High school football: McGuinness' Cody Chancellor is Player of the Week

The receiver catches six passes for 359 yards, including four touchdowns. And he did it while wearing a cast on his left hand.
by Scott Wright Published: October 1, 2012
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photo - McGuinness' Cody Chancellor avoids a tackler and heads to the end zone for a first quarter score as the El Reno Indians play the Bishop McGuinness Fighting Irish in high school football on Friday, Sept. 21, 2012 in Oklahoma City, Okla.  Photo by Steve Sisney, The Oklahoman
McGuinness' Cody Chancellor avoids a tackler and heads to the end zone for a first quarter score as the El Reno Indians play the Bishop McGuinness Fighting Irish in high school football on Friday, Sept. 21, 2012 in Oklahoma City, Okla. Photo by Steve Sisney, The Oklahoman

Let's just call it 60 yards per catch.

When you're talking about the ridiculous kind of numbers Bishop McGuinness receiver Cody Chancellor put up Friday night, there's no point in arguing over decimals.

Chancellor had six receptions for 359 yards in McGuinness' 42-32 win over Carl Albert, and if you want to be specific, that's 59.83 yards per catch.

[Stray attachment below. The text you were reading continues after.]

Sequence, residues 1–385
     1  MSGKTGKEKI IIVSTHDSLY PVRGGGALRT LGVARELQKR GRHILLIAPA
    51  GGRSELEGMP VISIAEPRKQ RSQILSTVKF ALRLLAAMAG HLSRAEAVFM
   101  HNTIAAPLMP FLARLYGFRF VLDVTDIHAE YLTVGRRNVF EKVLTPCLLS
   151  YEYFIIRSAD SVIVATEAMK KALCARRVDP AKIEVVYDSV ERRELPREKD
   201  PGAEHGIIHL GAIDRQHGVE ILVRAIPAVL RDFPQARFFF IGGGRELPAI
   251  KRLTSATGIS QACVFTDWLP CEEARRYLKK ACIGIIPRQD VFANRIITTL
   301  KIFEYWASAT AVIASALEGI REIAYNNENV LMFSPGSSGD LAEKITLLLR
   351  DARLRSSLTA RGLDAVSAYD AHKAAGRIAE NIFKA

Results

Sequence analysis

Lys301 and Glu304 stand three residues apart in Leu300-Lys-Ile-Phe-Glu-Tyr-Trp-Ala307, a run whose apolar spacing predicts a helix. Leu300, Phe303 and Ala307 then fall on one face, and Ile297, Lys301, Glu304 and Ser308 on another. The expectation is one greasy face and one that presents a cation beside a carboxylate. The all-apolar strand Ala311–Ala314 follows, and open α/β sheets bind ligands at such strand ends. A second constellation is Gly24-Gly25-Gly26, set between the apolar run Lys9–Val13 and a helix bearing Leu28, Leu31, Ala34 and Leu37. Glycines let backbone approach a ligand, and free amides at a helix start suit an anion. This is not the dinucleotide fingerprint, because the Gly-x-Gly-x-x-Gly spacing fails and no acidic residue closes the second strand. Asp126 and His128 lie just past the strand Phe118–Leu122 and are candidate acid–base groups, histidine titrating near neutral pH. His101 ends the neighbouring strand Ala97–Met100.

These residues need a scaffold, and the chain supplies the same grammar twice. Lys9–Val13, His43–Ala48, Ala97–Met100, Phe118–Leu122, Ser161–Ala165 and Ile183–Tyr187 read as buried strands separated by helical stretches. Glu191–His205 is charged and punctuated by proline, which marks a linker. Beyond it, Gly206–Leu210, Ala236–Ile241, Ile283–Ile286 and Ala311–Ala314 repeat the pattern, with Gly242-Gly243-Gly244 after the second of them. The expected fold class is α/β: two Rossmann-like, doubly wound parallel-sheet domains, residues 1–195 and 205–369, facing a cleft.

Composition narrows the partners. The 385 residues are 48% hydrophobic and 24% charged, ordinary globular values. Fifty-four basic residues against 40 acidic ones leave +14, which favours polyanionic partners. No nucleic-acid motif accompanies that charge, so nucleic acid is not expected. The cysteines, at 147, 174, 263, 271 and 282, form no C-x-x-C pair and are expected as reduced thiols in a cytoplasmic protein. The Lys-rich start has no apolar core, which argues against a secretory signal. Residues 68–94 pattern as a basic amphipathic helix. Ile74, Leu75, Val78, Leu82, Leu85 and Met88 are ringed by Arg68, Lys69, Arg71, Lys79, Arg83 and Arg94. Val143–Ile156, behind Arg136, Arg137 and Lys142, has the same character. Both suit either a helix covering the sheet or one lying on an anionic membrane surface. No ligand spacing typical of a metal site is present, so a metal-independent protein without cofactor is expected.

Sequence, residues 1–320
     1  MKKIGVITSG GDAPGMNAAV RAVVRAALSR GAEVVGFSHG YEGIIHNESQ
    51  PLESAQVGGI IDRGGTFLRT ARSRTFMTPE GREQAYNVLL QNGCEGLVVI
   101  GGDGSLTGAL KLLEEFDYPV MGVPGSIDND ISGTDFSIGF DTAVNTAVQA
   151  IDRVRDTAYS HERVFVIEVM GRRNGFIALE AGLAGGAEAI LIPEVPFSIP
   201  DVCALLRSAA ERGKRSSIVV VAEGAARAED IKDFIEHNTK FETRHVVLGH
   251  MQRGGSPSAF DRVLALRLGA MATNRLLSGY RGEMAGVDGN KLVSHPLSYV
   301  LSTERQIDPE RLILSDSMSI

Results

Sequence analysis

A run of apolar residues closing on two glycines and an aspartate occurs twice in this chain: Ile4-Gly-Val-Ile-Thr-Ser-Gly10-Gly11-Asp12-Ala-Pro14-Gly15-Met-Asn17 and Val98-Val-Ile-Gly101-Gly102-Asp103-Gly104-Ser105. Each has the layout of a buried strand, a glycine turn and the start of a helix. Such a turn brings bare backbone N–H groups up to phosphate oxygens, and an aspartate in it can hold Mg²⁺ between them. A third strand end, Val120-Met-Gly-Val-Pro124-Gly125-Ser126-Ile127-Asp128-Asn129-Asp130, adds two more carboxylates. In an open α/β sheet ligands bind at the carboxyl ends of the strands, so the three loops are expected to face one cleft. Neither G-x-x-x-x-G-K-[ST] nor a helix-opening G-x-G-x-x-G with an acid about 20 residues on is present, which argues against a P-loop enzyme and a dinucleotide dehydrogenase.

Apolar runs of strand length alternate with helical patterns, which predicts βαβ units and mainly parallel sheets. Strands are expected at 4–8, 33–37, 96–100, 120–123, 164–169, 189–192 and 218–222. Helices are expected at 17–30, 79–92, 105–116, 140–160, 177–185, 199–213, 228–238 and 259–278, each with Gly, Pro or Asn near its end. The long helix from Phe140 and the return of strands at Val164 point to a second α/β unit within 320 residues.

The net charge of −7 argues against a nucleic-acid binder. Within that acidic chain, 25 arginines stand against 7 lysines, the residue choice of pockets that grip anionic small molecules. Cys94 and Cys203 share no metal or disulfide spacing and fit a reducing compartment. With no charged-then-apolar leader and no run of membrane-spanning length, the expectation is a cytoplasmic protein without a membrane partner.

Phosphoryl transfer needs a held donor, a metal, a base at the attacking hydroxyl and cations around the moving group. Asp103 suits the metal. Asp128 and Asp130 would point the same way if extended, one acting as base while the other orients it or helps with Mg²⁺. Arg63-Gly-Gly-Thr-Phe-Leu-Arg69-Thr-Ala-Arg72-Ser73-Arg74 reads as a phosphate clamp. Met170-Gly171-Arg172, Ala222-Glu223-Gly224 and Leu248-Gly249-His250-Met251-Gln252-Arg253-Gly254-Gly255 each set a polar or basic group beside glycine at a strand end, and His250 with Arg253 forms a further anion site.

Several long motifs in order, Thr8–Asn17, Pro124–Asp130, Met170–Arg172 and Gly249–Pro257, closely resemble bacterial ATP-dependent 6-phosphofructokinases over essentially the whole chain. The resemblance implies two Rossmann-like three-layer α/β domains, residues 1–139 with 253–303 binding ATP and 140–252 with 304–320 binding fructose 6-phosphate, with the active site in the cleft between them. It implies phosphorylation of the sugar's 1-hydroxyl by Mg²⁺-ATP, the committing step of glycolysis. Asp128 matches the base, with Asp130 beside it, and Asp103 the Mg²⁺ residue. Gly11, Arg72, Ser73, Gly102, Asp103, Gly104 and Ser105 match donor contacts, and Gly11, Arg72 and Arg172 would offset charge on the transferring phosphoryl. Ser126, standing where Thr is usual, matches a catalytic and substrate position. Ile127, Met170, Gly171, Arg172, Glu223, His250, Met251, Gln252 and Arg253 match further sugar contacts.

Sixty yards per catch. Four touchdowns. Receptions of 80-plus yards on two straight McGuinness snaps.

To this point, you could argue it's the top performance of the year. It was certainly good enough to earn Chancellor The Oklahoman's Player of the Week honors.

After the game, Irish coach Justin Jones called it “the single-best performance I've ever seen from a receiver.”

Of course, Chancellor's performance wouldn't have been possible without a quarterback to get the ball to him. Jacob Lewis ended up throwing for 385 yards and five touchdowns on 11-of-18 passing, and his deep throws were on point, which was crucial for Chancellor. Lewis also rushed for a 48-yard touchdown and intercepted a pass on defense.

“We tried to come out and run the ball, but Carl Albert did a great job of stoning that early,” Jones said. “When we had to go to the air, we did, and Jacob executed flawlessly. He put the ball where it needed to be.”


by Scott Wright
Reporter
A lifelong resident of the Oklahoma City metro area, Scott Wright has been on The Oklahoman staff since 2005, covering a little bit of everything on the state's sports scene. He has been a beat writer for football and basketball at Oklahoma and...
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